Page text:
Ladies and Gentlemen, bundle the above, if you will, with the elements of development that I enumerated earlier when I presented the concept of development, and you have Eritrea’s brand of sustainable development. It is only fortuitous that the main tenets of the UN MDG and SDG goals coincide or bode well with Eritrea’s principles and aspirations of development. I say the MDG and SDG frameworks bode well with the Eritrean brand of development because they were heralded well after these principles had been inscribed in Eritrea’s policies and programs of reconstruction, rehabilitation and sustainable development.
Among the main strategies of the Government are development of agricultural infrastructure; water resource harvesting and development; human capital development;mainstreaming of women’s issues; expansion and improvement of economic infrastructure including transportation, communications, electrification, and tourism; pro-poor social safety net, social infrastructure including education, healthcare, social security, care of veterans and survivors; conducive administrative and legal environment and security; peace and social harmony; and self-reliance and ownership of programs.
Having given you a capsule context of Eritrean development programming, let me now brief you on Eritrea’s performance in the MDGs. There are as you know eight MDG goals: They are (1) Eradicate extreme poverty and hunger (2)Achieve universal primary education (3) Promote gender equality and empower women (4) Reduce child mortality (5) Improve maternal health (6) Combat HIV/AIDS, malaria and other diseases (7) Ensure environmental sustainability, and (8) Develop a global partnership for development.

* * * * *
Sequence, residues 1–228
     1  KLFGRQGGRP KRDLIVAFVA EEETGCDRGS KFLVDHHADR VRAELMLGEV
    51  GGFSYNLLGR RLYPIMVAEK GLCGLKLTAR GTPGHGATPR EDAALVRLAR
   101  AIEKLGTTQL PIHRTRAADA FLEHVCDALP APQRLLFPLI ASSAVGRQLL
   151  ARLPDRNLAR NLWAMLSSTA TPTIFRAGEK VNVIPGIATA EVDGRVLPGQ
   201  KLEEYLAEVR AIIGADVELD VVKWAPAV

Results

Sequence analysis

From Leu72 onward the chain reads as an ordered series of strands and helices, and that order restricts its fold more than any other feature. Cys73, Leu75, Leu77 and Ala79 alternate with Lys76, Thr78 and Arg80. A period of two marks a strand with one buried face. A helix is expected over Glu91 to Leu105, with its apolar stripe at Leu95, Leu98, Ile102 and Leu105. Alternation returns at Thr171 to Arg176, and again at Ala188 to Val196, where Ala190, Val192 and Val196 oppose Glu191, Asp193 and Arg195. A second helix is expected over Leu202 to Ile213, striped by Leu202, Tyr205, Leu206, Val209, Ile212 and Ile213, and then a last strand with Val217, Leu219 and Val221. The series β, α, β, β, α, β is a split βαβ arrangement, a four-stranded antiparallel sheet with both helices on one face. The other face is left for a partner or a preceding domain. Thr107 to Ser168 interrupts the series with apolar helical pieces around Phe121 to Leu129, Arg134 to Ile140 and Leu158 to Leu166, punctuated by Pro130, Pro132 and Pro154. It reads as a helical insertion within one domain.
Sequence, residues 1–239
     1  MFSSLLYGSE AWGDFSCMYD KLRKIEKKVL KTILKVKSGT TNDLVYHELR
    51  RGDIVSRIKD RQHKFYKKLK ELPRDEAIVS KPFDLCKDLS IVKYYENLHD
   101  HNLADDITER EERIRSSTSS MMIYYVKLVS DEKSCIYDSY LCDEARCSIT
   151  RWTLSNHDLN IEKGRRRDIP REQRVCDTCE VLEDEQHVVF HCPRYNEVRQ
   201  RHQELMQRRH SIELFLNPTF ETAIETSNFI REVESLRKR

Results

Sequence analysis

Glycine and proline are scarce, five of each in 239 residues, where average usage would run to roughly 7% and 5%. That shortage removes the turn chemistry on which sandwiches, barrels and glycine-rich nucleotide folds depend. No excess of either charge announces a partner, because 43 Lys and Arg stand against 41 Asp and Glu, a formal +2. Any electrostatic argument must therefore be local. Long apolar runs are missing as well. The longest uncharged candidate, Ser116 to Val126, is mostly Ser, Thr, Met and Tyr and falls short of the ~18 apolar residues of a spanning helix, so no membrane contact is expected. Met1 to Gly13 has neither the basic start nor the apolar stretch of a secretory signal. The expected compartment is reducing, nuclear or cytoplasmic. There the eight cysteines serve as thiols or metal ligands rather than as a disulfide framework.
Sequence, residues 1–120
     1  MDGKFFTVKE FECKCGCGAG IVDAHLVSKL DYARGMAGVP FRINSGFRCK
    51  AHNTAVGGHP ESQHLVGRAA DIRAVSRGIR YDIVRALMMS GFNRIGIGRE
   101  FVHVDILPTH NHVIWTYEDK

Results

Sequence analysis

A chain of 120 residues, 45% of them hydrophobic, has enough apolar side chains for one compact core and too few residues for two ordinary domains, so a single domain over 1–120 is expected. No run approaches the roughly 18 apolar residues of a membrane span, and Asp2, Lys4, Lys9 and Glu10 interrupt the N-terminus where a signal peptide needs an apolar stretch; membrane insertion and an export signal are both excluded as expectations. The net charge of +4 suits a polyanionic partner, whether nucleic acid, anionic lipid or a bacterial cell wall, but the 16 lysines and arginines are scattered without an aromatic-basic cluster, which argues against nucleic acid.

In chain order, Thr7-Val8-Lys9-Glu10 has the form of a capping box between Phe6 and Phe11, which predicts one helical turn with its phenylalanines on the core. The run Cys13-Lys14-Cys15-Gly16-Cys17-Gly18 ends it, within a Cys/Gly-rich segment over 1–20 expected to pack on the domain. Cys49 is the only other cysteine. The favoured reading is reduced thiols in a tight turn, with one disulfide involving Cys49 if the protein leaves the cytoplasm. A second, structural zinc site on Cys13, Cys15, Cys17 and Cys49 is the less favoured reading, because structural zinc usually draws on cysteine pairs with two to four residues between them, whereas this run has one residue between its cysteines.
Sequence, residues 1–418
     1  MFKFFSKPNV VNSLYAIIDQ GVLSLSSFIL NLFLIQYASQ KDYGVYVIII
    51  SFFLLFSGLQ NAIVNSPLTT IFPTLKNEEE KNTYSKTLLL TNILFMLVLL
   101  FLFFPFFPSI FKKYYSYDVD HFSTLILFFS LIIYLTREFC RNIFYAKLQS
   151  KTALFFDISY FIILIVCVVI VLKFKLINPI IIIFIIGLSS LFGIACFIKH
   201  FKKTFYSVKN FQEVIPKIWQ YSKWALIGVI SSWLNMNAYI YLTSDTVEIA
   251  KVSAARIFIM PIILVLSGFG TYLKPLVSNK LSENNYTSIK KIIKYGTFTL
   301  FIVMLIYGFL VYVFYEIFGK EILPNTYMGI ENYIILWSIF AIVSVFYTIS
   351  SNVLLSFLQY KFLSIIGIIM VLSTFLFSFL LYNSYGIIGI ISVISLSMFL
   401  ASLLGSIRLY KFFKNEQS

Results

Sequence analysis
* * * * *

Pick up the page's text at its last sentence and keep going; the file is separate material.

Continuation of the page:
As I mentioned earlier, the Government is in the process of completing the preparation of the MDGs 2015 Report that will eventually be accessible to the general public and development partners. For now, I would like to say that Eritrea has made progress in all the MDGs, and efforts will be accelerated to achieve the remaining goals as an integral partof the nations development plans and programs.
I should add that, so far and to my knowledge,no developing country has achieved all the MDGs. The hardest nut to crack is Eradication of Extreme Poverty and Hunger. It is the most formidable challenge to all developing countries. In a few African countries, notably Kenya, Central African Republic, Mauritania, Nigeria and Zambia the percentage of poor increased rather than decrease in the period of 1990-2010.
Unfortunately too, global economic and financial instabilities, regional conflicts, and environmental issues including climate change have exasperated the problem. As poverty in all its forms is the nucleus of all development challenges, Eritrea is determined to surpass the MDG goal on poverty and hunger and thereby achieve eradication by 2030.
So far, Eritrea’s most notable success is in the area of public health. Based on 2010 data, and unequivocally corroborated by the relevant United Nations agencies here and in New York, Eritrea was declared the first and only African country to achieve all three Millennium Health goals ahead of the target date of 2015.
In acknowledgement of this unique achievement, the United Nations applauded Eritrea by a side event during the 69th Session of the General Assembly in September 2014. All member countries of the UN were invited to the event to learn from innovative practices that resulted in Eritrea’s success. The achievements so far required the participation and cooperation of the people, the Government, and development partners.